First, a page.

Last Updated on May 5, 2015, by eNotes Editorial. Word Count: 918
Gary Harkness is a talented young halfback with a troubled mind and soul, and Logos College in West Texas is a last chance for him. Gary’s troubles begin with his father’s saying about life: “Suck in that gut and go harder.” His father had played football at Michigan State University, and his life creed is an amalgam of clichés from Teddy Roosevelt as adapted by Knute Rockne: “(1) A team sport. (2) The need to sacrifice. (3) Preparation for the future. (4) Microcosm of life.” This parody of the work ethic and the American Dream sticks in Gary’s throat, making him a constant disappointment to his pharmaceutical salesman father.
His father, who had spent most of his time on the bench, makes a real football player out of Gary, who becomes all-state and receives twenty-eight scholarship offers. He goes first to Syracuse University, where he meets a young woman who is hiding from the world and goes to ground with her—fortified by two boxes of Oreos and an economics text full of “incoherent doctrines.” At Penn State the next fall, Gary succumbs to angst and retreats, this time to an Adirondack winter at home. Gary’s next sojourn is at Miami, where all goes well until he becomes obsessed with the horrifying accounts of nuclear war that he finds in a textbook. Depression sends him home again, waiting out the year before moving on to Michigan State as an “aging recruit.” When he and two other players hit an Indiana safety man so hard that he dies the next day, Gary gives up once more and stays in his room for seven weeks, shuffling a deck of cards.
Therefore, Logos College is Gary’s final chance. At Logos, he finds himself playing for Coach Emmett Creed, who says of football, “It’s only a game, but it’s the only game.” Gary’s teammates are a colorful lot, notably Taft Robinson and Anatole Bloomberg. Taft is a transfer student from Columbia University, the first black student at Logos. He is brilliant in the classroom as well as on the football field, but he eventually gives up on football. Taft reads books about the Holocaust and ponders his claim that Rembrandt van Rijn and Johann Sebastian Bach had Masai blood in their veins. Taft is another DeLillo loner in retreat from the madness of the world.
Taft’s roommate is Anatole Bloomberg, left tackle on offense. Anatole is also “a voluntary exile of the philosophic type.” Anatole is overweight and suffers from enuresis. He is a northerner who is, he says, “unjewing” himself in West Texas:You go to a place where there aren’t any Jews. After that you revise your way of speaking. You take out the urbanisms. The question marks. All that folk wisdom. The melodies in your speech. The inverted sentences. You use a completely different set of words and phrases. Then you transform your mind into a ruthless instrument. You teach yourself to reject certain categories of thought.
By these means he will relieve his “enormous nagging historical guilt.”
Gary spends most of his time away from the football field with either Myna Corbett, a classmate in Mexican geography, or Major Staley, a Reserve Officers’ Training Corps professor. Myna claims that she keeps her weight at 165 pounds to free herself from “the responsibility of being beautiful.” Her Texas boots are studded with blue stars, and her mind is stuffed with the fantastic plots of science-fiction novels. She is especially fond of the trilogy written by Tudev Nemkhu, a Mongolian with an epic imagination. Gary and Myna spend time on picnics with Esther and Vera, the Chalk sisters, who specialize in breadless and meatless sandwiches.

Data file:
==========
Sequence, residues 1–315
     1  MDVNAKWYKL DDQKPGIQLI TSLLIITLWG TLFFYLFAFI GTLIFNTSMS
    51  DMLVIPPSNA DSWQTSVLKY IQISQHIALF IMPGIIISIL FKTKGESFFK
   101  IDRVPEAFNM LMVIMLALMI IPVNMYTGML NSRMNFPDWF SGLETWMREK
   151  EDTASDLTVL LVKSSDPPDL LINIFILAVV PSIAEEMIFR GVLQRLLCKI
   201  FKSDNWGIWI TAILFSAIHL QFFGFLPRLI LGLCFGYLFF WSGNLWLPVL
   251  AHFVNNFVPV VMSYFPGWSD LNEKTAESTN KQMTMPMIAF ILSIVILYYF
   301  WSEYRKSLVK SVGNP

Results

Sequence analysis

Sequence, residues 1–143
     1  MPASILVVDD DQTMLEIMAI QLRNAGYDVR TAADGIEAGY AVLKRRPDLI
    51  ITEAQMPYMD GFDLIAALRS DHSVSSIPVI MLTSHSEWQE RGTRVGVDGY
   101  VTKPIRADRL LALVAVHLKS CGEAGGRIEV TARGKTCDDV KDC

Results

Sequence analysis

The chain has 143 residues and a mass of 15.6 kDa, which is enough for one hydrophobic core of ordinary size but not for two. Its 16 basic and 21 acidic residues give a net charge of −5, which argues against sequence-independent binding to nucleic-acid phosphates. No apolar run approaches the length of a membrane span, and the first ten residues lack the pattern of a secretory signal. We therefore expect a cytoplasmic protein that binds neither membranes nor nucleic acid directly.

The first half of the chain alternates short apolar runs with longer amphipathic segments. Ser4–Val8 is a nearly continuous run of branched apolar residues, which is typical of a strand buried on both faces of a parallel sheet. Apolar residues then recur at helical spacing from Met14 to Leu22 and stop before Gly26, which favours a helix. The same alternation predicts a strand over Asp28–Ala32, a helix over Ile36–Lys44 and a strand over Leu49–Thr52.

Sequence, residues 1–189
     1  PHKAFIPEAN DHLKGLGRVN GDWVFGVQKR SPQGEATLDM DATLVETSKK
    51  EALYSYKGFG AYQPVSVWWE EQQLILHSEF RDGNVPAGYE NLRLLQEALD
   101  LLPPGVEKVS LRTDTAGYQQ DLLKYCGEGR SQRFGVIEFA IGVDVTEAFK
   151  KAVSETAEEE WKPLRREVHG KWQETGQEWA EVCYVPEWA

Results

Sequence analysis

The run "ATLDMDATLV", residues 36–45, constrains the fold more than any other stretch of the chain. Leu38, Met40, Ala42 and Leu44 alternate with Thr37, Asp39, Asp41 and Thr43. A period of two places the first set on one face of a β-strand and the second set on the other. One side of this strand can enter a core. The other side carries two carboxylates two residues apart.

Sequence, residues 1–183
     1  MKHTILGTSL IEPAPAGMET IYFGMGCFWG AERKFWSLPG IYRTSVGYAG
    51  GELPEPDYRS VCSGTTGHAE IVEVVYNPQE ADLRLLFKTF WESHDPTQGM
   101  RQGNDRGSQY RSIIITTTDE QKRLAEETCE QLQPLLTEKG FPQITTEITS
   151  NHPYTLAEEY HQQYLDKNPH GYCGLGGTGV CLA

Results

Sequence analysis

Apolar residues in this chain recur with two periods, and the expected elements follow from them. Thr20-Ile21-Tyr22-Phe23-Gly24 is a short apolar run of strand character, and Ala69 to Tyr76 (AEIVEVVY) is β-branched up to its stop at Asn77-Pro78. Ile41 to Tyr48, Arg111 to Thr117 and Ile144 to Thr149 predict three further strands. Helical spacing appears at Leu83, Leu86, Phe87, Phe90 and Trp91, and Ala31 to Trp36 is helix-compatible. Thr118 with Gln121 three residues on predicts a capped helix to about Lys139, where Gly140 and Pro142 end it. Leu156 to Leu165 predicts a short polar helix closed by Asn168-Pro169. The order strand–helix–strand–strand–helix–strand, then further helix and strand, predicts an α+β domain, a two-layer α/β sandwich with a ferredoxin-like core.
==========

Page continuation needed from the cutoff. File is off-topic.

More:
Whereas Gary’s closest friends all seem burdened by some great spiritual wound, Major Staley is brisk and competent. Gary finds in Major Staley an agreeable accomplice for conjuring up awful visions of a nuclear future. He cannot get the subject off his mind because he believes that “[s]omebody has to get it before the public regardless of language. It has to be aired in public debate, clinically, the whole thing, no punches pulled, no matter how terrible the subject is and regardless of language. It has to be discussed.”
A second instructor to whom Gary is close is Alan Zapalac, who teaches exobiology. Zapalac voices the paranoia that many of DeLillo’s characters feel: “I’m afraid of the United States of America. Take the Pentagon. If anybody kills us on a grand scale, it’ll be the Pentagon. On a small scale, watch out for your local police.”
With friends such as Taft, Anatole, and Myna, and professors of woe such as Major Staley and Zapalac, Gary’s alienation gets worse and worse. At story’s end he is confined to the college infirmary, being fed through plastic tubes.
End Zone is structured as a triptych, with the big football game between Logos and West Centrex Biotechnical Institute as its centerpiece. DeLillo’s account of the game is a marvelous set piece. The ambience of college sports is evoked vividly. The dialogue rings true, and the game is convincing and entertaining—a narrative by someone who knows what happens in football. End Zone is, then, a sports story that gratifies with its knowledgeable game talk, an evocation of the terrible shadow of nuclear war as it was felt in the 1960’s, and a picture of several unusual but ingratiating young people coping with an insane universe.
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